The Shulchan Arukh (YD 240:2) rules that one is never allowed to contradict one's father in his presence, and that when it comes to one's rav (or one's father if he is a Torah scholar; YD 242:1-2), disagreeing with him is like disagreeing with the shekhinah itself. Formulations of a similar nature are found in a number of texts, and lead me to wonder: in the event that one's rav or one's father is leyning from the Torah and makes a mistake, is one always permitted to publicly correct him, or are there situations in which it is better to let him continue?

By way of an example, if he were to make a mistake in his leyning of Parshat Va'etchanan, mispronouncing one of the words in Devarim 6:4-9, should one correct him? Note that doing so would also indicate that he habitually mispronounces the words in his daily recitation of Shema, which may be tantamount to declaring publicly and in his presence that he has never fulfilled that particular mitzva.

  • Not an answer: my father is makpid that whomever gabbais correct him if he makes a mistake, even if it's me or my brother. I would make this an answer if there were a source other than personal experience. Feb 20, 2015 at 3:01
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    @noa it may be different if he permits it as he can be mochel on his kavod
    – Double AA
    Feb 20, 2015 at 3:06
  • Regarding correcting one's parent or rav in general, one could follow the Rambam (Hil. Mamrim 6:11, based on Kiddushin 32a) and phrase the correction as a question. Perhaps the analogue in correcting Torah reading would be to intonate the correction as if it is a question. If the corrections would be frequent, or on a section of the Torah that people are expected to know well, then perhaps that adds another layer of complication due to possible embarrassment. Then again, if they are glaring mistakes that everyone else notices anyway, perhaps correcting them would not add embarrassment.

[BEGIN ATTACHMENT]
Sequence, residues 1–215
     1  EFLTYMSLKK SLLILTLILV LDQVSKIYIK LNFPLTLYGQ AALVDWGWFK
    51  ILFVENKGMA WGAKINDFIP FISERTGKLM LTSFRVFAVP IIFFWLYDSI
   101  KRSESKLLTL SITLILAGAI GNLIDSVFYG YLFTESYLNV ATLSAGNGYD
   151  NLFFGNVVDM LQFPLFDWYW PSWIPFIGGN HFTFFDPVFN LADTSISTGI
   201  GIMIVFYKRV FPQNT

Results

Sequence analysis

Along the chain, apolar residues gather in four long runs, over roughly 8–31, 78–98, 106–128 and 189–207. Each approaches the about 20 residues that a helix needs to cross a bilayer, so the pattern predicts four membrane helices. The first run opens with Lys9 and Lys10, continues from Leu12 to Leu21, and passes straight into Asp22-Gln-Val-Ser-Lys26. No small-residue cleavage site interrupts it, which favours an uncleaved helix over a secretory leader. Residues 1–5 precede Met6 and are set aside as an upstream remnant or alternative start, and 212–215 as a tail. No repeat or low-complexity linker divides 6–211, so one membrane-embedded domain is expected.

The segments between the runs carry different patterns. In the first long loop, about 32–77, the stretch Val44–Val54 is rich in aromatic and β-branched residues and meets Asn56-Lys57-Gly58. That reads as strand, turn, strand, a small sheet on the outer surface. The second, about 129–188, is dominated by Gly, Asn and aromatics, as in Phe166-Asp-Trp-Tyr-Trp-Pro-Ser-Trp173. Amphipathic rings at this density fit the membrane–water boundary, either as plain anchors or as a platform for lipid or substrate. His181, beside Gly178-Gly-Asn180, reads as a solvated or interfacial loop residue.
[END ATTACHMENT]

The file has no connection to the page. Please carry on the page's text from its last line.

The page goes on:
– Fred
    Feb 20, 2015 at 3:13
  • ...unless the issue is the unpleasantness felt by being corrected, in which case that might be problematic even for glaring mistakes.
    – Fred
    Feb 20, 2015 at 3:21
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    You start by saying how terrible it is to contradict one's father and then ask "is one always permitted to publicly correct him". Seems like a more reasonable question after that build-up would be "is one ever permitted...".
    – msh210
    Feb 20, 2015 at 7:32

2 Answers 2


The Rivevos Ephraim 6:33:3 deals with this exact question. He writes that the reason its assur to correct ones father in general is because it will embarrass him. The question is does this apply to layning and davening. He writes that it seems there is room to say that it is true that the father will be embarrassed but nevertheless he rather be mochel and corrected than allow a bracha levatala to happen(meaning the oleh will say an after bracha on a leining which isn't good). However, the matter needs more inspection since it is prevalent to scream out and correct a mistake of the baal koreh and its embarrassing to the bal teffilah(koreh).A way to circumvent the problem is for the son to tell another congregant to correct his father. However,the Rivevos Ephraim is hesitant because many times the bal koreh is very close to the end of the aliyah and by the time the son relates the message a bracha levatalah may be made. He seems to end off by not giving a direct psak and wants to see what other Achronim have to say.


I once saw a Rav Shlomo Zalman Aurbach that says if a parent tells you go against halacha and the only way to fulfill that halacha is to go against him/her it would be mutar but in a case where it's possible to fulfill it in another way it would then be asur.

(Rav Shlomo Zalman brings a case by Purim if a parent tells you not to drink you can't drink since there is another way to fulfill that mitzva i.e.: drink then go to sleep, ayin rama.)

(By the way a Rav isn't allowed to be mochel on his kaavod.)

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    – Isaac Moses
    Apr 16, 2015 at 18:52
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    "a rav isnt allowed to be mochel on his kaavod" Source? The Shulchan Arukh seems to rule it's allowed (YD 242:32)
    – Double AA
    Apr 16, 2015 at 18:54
  • @DoubleAA Though possibly more relevant would be the remark of the Rama that it is still forbidden to disgrace one's rav (the Gra understands this to mean even if he is mochel on his kavod).
    – Fred
    Dec 2, 2015 at 7:23

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